While performing audit work to determine whether the U.S. Department of Housing and Urban Development’s Office of Community Planning and Development (HUD CPD) monitored and ensured that grantees complied with the 24-month statutory expenditure requirement contained in the Disaster Relief Appropriations Act, 2013, we noted issues with (1) the recording of grants in the Line of Credit Control System (LOCCS) and (2) the grantees’ recording of expenditures in the Disaster Recovery Grants Reporting (DRGR) system. These issues require immediate action by the Office of the Chief Financial Officer (OCFO) as they are potential violations of the Antideficiency Act (ADA) and do not appear to follow generally accepted accounting principles (GAAP).
As of January 19, 2018, two of the six grantees had recorded total expenses in the DRGR system in excess of what CPD had obligated for a grant round, which totaled more than $160 million. Five grantees also recorded expenses in the DRGR system before CPD executed a grant round amendment and after a grant round expired, which totaled more than $435 million. In addition, four grantees made revisions to completed and revised vouchers totaling more than $496 million in the DRGR system a year or more after they entered the initial voucher. These issues had a variety of causes, including (1) systemic weaknesses in the DRGR system, (2) CPD’s entering into one grant agreement with multiple amendments with multiple deadlines, (3) how CPD and OCFO treated the grants in LOCCS, (4) a lack of voucher monitoring by CPD’s Office of Block Grant Assistance (OBGA), and (5) OBGA’s incorrect decisions on how to account for the funds. These expenses appeared to have been potential ADA and GAAP violations and could potentially have a negative effect on both HUD’s and the grantees’ financial statements. If OCFO does not require corrections to how it and CPD account for Disaster Recovery funds, these issues will continue to occur with the remaining $6.4 billion in 2013 Disaster Recovery funding and the future $35.4 billion for 2017 and 2018 Disaster Recovery funding.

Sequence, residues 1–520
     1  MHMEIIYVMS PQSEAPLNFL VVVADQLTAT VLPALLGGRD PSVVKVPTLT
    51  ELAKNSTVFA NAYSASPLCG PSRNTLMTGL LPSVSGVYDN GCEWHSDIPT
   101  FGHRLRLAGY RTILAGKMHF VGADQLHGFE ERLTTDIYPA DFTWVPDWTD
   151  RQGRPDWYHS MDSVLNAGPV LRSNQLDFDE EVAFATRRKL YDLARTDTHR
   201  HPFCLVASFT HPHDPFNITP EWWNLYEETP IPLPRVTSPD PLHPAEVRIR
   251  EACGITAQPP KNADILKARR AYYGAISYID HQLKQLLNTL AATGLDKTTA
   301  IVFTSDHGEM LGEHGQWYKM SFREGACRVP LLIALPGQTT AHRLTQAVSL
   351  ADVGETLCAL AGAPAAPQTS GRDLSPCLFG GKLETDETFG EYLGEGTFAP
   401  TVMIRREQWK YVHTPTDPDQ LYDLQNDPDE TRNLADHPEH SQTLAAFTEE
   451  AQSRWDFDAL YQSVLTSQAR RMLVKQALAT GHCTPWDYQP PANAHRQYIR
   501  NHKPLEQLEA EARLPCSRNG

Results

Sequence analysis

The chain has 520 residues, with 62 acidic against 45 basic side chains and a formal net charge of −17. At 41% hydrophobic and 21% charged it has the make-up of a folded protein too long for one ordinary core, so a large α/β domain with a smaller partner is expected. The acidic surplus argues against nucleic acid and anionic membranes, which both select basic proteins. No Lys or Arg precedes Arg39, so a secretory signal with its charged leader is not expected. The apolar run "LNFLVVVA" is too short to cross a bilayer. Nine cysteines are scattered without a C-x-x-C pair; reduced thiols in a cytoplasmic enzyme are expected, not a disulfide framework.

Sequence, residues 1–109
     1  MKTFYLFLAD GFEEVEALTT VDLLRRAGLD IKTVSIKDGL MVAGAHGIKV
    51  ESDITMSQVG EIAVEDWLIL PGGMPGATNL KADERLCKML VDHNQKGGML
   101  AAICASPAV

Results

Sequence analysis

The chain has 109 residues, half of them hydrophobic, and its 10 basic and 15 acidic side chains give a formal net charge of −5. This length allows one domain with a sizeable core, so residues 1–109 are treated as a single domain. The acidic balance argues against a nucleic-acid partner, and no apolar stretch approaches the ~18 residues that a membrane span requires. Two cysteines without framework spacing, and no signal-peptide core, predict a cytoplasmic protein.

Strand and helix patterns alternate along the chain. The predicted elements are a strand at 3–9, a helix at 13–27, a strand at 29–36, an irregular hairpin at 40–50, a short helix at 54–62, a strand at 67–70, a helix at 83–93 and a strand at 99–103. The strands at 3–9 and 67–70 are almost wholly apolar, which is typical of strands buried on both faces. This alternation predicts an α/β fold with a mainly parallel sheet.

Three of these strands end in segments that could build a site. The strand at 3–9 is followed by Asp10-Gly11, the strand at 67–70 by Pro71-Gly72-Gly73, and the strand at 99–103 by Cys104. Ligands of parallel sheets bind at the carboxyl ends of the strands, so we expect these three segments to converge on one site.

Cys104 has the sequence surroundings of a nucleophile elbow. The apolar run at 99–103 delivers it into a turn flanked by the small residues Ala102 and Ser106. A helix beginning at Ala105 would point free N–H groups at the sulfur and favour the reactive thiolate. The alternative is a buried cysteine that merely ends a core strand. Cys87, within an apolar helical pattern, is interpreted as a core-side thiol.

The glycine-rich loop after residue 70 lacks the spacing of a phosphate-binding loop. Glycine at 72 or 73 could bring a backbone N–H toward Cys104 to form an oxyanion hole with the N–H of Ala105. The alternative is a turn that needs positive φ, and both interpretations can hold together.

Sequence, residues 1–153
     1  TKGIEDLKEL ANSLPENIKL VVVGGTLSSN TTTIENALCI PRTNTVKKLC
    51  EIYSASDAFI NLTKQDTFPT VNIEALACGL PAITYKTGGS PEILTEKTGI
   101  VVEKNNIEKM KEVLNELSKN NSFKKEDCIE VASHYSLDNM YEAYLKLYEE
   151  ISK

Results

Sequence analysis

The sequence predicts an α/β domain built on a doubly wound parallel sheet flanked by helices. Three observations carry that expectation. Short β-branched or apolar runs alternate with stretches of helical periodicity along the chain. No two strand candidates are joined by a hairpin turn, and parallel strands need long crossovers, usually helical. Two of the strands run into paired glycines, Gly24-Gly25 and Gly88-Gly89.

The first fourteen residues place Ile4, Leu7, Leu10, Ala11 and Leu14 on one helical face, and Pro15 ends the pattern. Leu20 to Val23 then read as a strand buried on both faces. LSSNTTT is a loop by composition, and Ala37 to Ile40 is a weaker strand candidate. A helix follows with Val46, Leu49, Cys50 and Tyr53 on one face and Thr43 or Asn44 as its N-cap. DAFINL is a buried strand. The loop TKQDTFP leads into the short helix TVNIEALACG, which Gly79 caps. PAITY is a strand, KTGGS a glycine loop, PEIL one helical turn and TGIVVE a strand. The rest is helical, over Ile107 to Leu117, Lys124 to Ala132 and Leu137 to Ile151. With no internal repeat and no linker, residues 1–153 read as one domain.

We recommended that OCFO determine whether (1) summary expenditures totaling more than $160 million, which exceeded the grant round obligations for the two grantees; and (2) revised and completed detail transactions totaling to more than $435 million, which occurred before and after grant rounds obligation and expenditure dates, were ADA violations. We also recommended that OCFO determine whether the revised and completed transactions totaling more than $496 million and made more than a year after the original DRGR voucher entry were GAAP violations. We further recommended that CFO enter expiration terms into LOCCS for DRGR funding and require CPD to implement additional controls to prevent the identified issues from occurring in 2017 and 2018 Disaster Recovery funding.